And what does it mean?
We've often discussed household debt as an indicator of economic growth. The more debt a household has, the less likely it is to take on 'new' debt or eventually to curtail spending. Given that consumers drive about 65% of the US economy, a pullback in spending can often mean a recession.
Currently, household debt is relatively low and given the current level of employment, there is little indication that consumer debt will be the cause of a slowdown.
By looking at how we're spending our money we can also see potential indications of parts of the economy that might show strength or weakness.
- Housing is usually the single biggest 'cost' for most households, is it increasing or decreasing as a percentage of spending?
- Throughout the 1980s and 1990s we often heard about the poor US savings rate, is that true today?
- How much is medical insurance and care really drawing down our income?
The US Bureau of Labor Statistics happens to track all of this spending. Unfortunately, the BLS does not include TAXES as part of the calculation. In the chart below, we can see some interesting changes over the last 35 years:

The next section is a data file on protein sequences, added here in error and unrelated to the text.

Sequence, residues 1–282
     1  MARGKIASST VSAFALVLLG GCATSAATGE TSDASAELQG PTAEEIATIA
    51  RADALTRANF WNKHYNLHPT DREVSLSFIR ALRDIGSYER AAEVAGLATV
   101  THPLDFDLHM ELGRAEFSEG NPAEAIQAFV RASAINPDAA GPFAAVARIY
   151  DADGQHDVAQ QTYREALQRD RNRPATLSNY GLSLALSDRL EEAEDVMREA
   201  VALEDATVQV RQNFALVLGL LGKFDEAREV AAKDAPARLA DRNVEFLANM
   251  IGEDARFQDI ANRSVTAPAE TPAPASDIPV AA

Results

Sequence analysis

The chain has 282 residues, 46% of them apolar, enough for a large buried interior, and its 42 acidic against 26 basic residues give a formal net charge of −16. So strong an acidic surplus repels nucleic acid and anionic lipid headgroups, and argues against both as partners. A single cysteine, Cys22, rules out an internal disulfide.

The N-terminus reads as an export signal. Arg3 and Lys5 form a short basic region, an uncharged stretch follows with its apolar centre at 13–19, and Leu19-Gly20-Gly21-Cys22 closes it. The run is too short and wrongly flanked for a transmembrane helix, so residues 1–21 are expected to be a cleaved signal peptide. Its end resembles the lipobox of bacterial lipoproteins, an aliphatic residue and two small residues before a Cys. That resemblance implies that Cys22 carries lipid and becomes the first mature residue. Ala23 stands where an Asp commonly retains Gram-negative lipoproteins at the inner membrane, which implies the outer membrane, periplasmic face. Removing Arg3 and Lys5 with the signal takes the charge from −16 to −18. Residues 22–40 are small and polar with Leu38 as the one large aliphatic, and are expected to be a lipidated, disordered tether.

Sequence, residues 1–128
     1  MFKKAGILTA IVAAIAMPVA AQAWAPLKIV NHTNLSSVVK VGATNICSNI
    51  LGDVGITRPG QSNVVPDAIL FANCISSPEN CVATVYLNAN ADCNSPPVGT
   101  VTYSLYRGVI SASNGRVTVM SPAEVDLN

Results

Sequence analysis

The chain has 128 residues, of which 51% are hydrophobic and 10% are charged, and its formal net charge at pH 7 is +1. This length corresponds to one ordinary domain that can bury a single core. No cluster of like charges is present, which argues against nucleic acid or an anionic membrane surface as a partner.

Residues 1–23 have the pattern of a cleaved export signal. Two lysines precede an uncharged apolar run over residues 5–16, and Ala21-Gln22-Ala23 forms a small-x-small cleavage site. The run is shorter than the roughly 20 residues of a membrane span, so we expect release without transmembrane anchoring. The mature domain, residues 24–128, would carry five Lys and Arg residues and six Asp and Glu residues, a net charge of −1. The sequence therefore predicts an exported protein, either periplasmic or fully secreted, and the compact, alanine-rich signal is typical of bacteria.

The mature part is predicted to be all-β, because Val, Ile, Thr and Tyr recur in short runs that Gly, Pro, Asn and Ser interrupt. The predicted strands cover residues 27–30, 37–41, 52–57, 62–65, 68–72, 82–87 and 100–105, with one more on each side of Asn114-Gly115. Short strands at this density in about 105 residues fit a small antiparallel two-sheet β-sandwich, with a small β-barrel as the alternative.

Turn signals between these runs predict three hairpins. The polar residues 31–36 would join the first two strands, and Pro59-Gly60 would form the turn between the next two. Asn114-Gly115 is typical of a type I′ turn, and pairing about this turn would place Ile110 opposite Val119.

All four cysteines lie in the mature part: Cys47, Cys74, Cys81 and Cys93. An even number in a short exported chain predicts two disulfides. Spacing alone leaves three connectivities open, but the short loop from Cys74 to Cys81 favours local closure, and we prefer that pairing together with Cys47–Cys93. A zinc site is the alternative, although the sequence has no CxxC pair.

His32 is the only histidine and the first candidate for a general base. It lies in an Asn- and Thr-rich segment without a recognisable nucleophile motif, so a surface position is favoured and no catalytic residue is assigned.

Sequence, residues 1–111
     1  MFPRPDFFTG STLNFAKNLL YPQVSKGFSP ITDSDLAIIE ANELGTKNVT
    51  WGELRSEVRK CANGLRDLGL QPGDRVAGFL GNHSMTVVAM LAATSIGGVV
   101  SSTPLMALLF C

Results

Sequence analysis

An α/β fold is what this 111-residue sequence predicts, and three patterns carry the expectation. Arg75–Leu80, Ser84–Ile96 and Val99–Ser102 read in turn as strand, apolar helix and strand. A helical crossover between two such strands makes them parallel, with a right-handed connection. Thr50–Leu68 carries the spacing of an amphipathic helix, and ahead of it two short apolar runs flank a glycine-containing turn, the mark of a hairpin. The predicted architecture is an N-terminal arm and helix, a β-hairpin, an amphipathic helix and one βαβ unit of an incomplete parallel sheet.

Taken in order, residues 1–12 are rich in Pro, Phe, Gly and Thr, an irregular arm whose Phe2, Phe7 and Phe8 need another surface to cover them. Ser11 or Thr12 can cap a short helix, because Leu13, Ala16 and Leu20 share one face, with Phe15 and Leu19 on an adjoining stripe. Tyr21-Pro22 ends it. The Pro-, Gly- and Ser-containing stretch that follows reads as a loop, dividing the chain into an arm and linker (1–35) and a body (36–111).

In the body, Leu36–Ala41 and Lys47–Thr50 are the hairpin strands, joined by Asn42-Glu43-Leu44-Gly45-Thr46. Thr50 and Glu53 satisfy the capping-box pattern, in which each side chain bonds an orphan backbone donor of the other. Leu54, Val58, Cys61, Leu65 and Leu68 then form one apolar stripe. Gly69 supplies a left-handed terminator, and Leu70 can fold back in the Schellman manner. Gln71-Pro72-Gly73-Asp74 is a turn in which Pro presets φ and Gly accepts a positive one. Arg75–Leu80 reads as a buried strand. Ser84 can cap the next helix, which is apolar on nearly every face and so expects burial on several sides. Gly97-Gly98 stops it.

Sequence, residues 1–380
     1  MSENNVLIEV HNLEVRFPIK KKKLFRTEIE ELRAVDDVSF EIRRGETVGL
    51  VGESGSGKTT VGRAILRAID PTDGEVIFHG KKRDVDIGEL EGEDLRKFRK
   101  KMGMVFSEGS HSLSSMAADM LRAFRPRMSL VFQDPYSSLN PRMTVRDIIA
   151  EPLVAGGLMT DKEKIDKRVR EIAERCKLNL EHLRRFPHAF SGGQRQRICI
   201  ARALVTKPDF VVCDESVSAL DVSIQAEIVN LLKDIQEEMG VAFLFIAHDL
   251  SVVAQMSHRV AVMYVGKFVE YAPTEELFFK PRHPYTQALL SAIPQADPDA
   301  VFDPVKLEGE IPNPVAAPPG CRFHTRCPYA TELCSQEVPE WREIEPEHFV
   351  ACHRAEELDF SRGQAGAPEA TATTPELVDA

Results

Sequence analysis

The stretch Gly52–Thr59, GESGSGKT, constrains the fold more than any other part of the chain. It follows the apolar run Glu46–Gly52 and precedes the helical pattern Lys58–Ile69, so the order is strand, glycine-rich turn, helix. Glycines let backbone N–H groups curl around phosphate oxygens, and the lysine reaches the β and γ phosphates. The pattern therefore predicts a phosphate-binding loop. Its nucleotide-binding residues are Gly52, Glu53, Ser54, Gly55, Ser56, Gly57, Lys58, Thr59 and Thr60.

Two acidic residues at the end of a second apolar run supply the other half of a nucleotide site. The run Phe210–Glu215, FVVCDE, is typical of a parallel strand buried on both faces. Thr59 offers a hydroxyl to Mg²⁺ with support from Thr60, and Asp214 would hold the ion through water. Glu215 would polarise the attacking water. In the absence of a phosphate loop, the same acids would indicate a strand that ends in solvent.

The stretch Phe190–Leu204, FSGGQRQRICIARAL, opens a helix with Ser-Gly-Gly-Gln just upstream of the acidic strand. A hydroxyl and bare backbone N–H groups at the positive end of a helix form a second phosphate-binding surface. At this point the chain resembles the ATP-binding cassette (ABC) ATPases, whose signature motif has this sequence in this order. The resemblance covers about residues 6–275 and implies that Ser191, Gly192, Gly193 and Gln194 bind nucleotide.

- Housing continues to be the largest single 'expense' to the household budget but has been slowly decreasing for the last 10 years.
- Transportation has been trending lower for decades.
- Food trended lower until a decade ago and has leveled out.
- 'Savings' (Insurance, Pension Savings and Social Security) have been trending higher for two decades.
- Health Insurance and Medical Expenses have been increasing rapidly for over a decade, but might be showing signs of leveling off.
- Entertainment has remained relatively level as have charitable contributions.
- Education has been rising steadily over the entire period although now shows some signs of leveling.
We believe that demographics drive some of the important trends. For instance, Baby Boomer downsizing and lower interest rates may be a major factor in the drop in Housing costs. Demographics might also be a reason for the leveling of education costs as the end of the massive Millenial wave has graduated from college.
The drop in transportation costs is most likely driven by technology changes, better vehicle mileage and lower fuel costs from advanced location and extraction technologies.
While healthcare costs have leveled off, it is likely that aging Boomers and 'coupling' Millenials (likely to start families) will again drive those costs higher versus the family budget in the future.
Understanding how and why the family budget is spent can give us an idea of how the economy will grow and what companies will benefit and where to invest.
*thanks to Politcalcalculations.blogspot.com for the chart